• Finding PR Nirvana in Engagement and Consensus

    by  • November 30, 2012 • On News Media and Media Relations

    As marketing professionals continue to adopt public relations principles to define their practice it might be time to reiterate some fundamental differences between the two crafts.

    At its root, marketing is based on a transaction. I provide and promote a product or service. You buy it. While marketing uses some public relations concepts to stimulate the transactional behavior it seeks, its bottom line is sales of the product or service to a consumer. Marketing defines the value of that product or service and uses all kinds of tactics, including public relations, to convince consumers to make the deal.

    At the core of public relations practice is the desire to elicit mutually beneficial behavior from an organization and its various constituencies. Unlike marketing, its responsibility and reach extend far beyond consumers.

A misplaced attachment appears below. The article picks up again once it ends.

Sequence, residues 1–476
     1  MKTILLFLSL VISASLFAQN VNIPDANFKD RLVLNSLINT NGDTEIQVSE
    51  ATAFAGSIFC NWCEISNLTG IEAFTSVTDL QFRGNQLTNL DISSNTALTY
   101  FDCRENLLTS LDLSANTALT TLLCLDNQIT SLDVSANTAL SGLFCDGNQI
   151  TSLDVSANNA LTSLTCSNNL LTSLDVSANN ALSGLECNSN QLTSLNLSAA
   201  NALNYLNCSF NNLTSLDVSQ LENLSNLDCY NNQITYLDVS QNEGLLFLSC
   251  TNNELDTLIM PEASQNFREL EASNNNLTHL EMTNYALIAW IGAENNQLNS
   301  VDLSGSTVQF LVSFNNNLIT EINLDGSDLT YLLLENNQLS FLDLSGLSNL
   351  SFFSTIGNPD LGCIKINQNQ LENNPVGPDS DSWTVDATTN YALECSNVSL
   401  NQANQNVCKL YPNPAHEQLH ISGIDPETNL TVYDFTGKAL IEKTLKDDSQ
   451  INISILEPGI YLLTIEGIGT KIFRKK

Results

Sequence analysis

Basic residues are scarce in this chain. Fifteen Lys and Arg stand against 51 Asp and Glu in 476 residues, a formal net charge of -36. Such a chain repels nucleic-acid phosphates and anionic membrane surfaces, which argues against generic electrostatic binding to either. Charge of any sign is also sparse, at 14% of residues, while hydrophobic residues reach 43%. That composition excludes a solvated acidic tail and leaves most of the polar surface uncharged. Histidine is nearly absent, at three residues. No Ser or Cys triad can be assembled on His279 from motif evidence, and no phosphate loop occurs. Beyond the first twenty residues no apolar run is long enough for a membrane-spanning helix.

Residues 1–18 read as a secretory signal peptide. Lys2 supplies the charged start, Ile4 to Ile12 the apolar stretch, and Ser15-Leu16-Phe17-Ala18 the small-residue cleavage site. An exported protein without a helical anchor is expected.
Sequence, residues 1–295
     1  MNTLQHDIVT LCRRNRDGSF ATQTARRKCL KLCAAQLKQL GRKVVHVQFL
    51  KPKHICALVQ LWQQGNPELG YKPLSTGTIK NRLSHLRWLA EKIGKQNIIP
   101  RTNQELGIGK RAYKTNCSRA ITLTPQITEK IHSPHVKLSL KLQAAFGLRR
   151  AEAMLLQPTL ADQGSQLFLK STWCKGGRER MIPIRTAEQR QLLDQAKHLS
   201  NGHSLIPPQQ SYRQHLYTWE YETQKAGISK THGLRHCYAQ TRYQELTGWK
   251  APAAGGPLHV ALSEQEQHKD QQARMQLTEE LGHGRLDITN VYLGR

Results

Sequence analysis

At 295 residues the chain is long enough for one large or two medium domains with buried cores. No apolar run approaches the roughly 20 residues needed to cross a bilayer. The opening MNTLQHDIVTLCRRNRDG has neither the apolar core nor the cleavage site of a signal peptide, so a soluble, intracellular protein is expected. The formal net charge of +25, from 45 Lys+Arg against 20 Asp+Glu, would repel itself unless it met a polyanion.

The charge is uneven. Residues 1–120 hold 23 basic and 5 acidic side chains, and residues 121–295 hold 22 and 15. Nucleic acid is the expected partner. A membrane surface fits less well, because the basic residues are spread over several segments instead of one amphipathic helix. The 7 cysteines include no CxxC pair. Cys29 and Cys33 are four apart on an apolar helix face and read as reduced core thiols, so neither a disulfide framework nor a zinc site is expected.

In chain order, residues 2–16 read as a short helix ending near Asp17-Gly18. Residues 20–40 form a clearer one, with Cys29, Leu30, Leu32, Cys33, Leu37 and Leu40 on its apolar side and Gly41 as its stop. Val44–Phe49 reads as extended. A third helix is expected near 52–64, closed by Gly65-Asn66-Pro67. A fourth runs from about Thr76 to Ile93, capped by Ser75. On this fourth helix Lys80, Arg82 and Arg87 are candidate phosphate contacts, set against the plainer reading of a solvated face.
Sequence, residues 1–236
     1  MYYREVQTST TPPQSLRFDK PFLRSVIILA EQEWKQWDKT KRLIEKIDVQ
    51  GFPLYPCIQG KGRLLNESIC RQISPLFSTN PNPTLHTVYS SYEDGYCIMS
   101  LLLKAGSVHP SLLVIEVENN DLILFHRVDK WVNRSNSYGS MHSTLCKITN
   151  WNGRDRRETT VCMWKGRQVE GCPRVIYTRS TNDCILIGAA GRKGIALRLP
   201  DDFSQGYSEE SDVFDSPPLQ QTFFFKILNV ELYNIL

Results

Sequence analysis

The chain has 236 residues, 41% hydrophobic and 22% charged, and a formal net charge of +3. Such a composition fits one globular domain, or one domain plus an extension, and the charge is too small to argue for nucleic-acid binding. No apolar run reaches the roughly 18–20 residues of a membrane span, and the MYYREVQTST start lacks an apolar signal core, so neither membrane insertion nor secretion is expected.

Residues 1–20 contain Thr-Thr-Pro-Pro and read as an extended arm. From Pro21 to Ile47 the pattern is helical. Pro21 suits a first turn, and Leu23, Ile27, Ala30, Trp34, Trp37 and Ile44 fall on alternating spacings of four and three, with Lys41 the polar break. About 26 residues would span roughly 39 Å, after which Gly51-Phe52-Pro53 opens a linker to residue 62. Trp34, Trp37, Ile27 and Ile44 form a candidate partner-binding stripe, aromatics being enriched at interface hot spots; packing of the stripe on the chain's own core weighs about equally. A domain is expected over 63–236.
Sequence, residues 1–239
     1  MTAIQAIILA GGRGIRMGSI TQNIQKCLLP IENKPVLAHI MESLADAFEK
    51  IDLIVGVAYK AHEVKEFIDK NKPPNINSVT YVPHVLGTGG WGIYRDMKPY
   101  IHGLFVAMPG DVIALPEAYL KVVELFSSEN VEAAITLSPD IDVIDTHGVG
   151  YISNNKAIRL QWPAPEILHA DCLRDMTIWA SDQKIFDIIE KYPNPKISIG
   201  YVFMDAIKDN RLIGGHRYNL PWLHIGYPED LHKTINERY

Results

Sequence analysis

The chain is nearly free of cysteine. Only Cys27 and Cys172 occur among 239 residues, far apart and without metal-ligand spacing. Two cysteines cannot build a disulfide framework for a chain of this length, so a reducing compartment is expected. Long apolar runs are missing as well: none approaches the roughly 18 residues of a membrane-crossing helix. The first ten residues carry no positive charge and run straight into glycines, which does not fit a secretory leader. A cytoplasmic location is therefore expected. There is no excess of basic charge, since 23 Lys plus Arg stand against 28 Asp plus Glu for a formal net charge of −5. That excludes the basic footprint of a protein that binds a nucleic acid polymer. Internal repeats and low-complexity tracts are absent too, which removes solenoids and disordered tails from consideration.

What is most important to note is public relations’ pursuit of consensus, finding common ground between the interests and needs of an organization and its stakeholders and constituencies. By its nature, this is a two-way street, and it is important for PR professionals to always keep this in mind.

    A significant part of many PR pros’ work is focused on one-way information transfer, an important first step on the path to behavior. After all, you can’t get anyone to do anything without building awareness and stimulating interest in an organization, product or service. But a critical step on the road to consensus and mutual benefit is engagement, and this should inform your thinking every day you show up in the office.

    The PR pro says to those people, those stakeholders, those publics, those audiences out there, “We want to get to know you better. We want you to know us better. We want to engage you in the life of our organization.”

    Engagement builds understanding. Connecting with consistency and honesty builds credibility. Credibility creates trust. Trust leads to supportive behavior.

    There are no winners and losers in the nirvana of best public relations practice. Everyone wins. Here’s hoping some folks in Washington, D.C. can subscribe to this fundamental public relations philosophy.